In recent weeks, Gov. Tom Wolf called on state legislators to enact parts of his political agenda—including legalizing recreational marijuana and mandating small businesses provide workers with paid leave benefits. Such proposals exhibit Wolf’s disconnect from what Pennsylvanians care most about during this crisis: schools, jobs, and health care.
Wolf, moreover, hasn’t called lawmakers to discuss his ideas or to hear their proposals. In fact, at a recent press conference, the governor couldn’t remember the last time that he spoke with legislative leaders. According to Senate Majority Leader Jake Corman, the governor hasn’t communicated directly with GOP leadership since July.
Wolf’s failure to communicate even with our state’s other elected leaders reflects his administration’s ongoing transparency issues. It also illustrates his inability to gauge what resonates with Pennsylvanians.
Legislators should respond to Wolf by enacting policies that support Pennsylvania’s economic recovery. Now is the time to rebuild the state by helping students recover lost education time, ensuring the health care system’s crisis preparedness, and reviving small businesses.
Indeed, lawmakers should counter Wolf’s proposals with legislation that creates jobs, helps students, and saves the tens of thousands of small, local businesses facing the possibility of closure. After all, nearly 14 percent of Pennsylvanians are unemployed—one of the highest rates in the nation. Legalizing pot won’t help those unemployed people. Forcing struggling small businesses to pay higher wages and benefits will only dry up jobs, not create them.
Consider the pandemic-era challenges of Pennsylvania’s education system. From cities to rural townships, families have navigated the uncertain—and at times chaotic—reopening of schools. Even before the Covid-19 crisis, though, parents and children struggled with school districts. They’re now looking for new options.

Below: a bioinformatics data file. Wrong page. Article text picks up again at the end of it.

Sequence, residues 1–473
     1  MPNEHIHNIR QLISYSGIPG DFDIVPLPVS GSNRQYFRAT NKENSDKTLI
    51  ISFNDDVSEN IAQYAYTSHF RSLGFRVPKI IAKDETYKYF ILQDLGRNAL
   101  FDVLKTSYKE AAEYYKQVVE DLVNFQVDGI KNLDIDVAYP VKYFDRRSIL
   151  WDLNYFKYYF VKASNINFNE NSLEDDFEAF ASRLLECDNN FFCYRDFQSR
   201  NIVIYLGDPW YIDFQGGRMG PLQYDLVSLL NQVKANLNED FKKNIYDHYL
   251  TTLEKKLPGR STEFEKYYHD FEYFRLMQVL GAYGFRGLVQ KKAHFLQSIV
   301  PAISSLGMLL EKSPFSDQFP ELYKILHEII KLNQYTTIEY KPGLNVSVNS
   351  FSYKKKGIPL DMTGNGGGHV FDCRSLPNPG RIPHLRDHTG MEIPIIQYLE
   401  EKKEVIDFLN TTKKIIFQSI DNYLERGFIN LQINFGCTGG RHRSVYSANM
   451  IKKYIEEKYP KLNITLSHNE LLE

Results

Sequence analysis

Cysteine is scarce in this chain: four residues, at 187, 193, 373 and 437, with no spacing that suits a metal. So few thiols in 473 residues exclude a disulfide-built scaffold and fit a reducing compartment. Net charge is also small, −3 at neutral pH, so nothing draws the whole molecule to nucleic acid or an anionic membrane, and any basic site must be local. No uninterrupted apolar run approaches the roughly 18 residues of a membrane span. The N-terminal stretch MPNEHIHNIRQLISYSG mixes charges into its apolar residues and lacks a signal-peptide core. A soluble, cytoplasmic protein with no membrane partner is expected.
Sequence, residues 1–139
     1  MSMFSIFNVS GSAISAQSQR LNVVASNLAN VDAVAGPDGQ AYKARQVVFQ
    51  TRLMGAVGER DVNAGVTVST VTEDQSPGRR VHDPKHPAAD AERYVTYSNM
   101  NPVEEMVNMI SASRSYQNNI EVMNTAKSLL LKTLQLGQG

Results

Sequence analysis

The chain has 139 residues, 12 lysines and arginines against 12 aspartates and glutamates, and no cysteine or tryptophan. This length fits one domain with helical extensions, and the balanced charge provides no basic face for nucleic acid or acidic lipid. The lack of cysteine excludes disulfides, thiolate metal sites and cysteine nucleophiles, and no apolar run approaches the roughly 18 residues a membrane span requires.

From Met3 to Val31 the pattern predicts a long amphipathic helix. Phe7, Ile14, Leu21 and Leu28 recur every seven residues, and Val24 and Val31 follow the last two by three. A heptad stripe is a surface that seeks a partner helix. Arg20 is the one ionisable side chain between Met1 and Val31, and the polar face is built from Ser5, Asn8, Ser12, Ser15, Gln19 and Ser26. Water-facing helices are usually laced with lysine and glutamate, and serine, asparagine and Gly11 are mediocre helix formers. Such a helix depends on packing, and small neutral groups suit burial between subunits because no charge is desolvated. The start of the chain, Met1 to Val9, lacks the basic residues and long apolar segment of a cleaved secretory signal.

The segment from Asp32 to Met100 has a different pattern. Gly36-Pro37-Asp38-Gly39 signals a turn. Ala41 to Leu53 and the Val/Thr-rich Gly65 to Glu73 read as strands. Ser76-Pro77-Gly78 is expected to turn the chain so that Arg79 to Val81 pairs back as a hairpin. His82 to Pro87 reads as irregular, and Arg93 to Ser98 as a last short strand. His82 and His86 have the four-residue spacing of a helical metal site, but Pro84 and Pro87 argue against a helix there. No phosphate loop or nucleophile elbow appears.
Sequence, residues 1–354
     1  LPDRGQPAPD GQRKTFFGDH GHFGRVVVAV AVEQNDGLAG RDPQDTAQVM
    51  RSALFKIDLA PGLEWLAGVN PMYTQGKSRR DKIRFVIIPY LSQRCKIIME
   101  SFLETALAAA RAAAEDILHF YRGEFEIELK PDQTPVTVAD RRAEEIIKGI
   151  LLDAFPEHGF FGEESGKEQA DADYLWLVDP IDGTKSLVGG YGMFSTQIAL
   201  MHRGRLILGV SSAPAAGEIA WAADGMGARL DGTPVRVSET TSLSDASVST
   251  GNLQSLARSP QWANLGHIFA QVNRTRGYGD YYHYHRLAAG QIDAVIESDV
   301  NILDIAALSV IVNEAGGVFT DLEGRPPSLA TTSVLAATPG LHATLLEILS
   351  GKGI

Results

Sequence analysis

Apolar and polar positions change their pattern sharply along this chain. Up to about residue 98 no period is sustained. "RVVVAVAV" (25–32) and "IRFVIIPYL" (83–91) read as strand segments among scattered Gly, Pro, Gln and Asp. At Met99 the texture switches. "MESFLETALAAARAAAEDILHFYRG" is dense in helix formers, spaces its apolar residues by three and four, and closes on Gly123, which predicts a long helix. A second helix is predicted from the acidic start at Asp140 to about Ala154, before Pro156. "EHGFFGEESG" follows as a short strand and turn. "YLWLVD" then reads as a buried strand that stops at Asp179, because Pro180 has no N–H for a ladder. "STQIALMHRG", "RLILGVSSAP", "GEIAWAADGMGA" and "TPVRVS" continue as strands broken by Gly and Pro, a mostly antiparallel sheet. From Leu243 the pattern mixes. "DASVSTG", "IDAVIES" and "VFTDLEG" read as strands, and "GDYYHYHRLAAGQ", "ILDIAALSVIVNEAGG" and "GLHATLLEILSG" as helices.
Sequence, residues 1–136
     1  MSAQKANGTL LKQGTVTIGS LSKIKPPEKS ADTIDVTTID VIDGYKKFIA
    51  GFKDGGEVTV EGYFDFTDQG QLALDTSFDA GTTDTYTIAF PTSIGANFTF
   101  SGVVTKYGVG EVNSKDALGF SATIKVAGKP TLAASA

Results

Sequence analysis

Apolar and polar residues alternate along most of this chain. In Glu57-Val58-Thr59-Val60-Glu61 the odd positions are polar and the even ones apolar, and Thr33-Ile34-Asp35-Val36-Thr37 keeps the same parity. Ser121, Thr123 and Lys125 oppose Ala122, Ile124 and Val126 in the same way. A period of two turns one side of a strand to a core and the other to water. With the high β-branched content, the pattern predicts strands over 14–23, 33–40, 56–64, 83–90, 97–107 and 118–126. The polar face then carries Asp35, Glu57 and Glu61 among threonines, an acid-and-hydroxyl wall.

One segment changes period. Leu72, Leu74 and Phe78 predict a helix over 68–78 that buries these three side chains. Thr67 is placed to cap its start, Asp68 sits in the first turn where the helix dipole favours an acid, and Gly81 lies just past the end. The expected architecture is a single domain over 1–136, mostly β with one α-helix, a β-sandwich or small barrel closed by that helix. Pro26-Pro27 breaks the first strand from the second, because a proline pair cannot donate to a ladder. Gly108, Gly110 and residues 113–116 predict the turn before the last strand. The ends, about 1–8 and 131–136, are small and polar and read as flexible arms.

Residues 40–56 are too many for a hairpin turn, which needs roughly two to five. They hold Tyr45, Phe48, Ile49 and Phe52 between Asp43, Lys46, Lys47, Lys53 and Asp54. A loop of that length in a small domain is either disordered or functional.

A proposed law would give families those necessary education alternatives. Sponsored by Rep. Clint Owlett and Sen. Judy Ward, “Back on Track” legislation would create educational scholarship accounts—worth $1,000—to help low-income families afford unanticipated academic needs, including tutoring, tuition, and online materials.
In addition to improving educational opportunities, lawmakers should ensure Pennsylvania’s health care system is always prepared, no matter the crisis. Unfortunately, this spring, Wolf vetoed Senate Bill 857, which would have made access to telemedicine easier. Through his veto, Wolf failed to account for the countless patients who have suffered during the pandemic because they couldn’t access care. Take the story of April Hynes, a breast cancer patient who sought telehealth consultation in New York. Hynes was denied help until she received an emergency state waiver. In the future, such experiences should never happen.
To strengthen Pennsylvania’s quality of care, lawmakers should expand access to telemedicine, and also make permanent the temporary health regulatory suspensions enacted during the crisis. Reducing barriers on nurse practitioners and pharmacists, for example, would increase access to care while reducing costs.
Pennsylvania’s Covid-era challenges, however, aren’t limited to schools and hospitals. Just ask the countless small business owners struggling to survive. Lawmakers should throw them a lifeline. For instance, tax reform that permits small businesses to deduct their losses in 2020 from future taxes—something larger corporations already do—would help ensure their long-term viability. Then, lawmakers should ensure that the small businesses that endure this crisis don’t confront excessive regulatory red tape on the road to recovery. A package of reforms—already in progress—that eases those barriers for entrepreneurs and encourages the rehiring of workers should be passed.
Small business owners trying to get back on their feet shouldn’t have to worry about frivolous Covid-related lawsuits either. Several states, for example, have passed laws offering legal protection to employers, schools, and health care providers that follow guidelines to keep their operations safe. Pennsylvania should do the same to protect small business owners against excessive lawsuits.
By passing these ambitious, though necessary, reforms to help Pennsylvania rebuild its economy, lawmakers can start bridging the gap between what the people need and what government is focused on. For now, Wolf is giving GOP leaders the silent treatment, but this shouldn’t stop the legislature from supporting families, students, patients, and small business owners.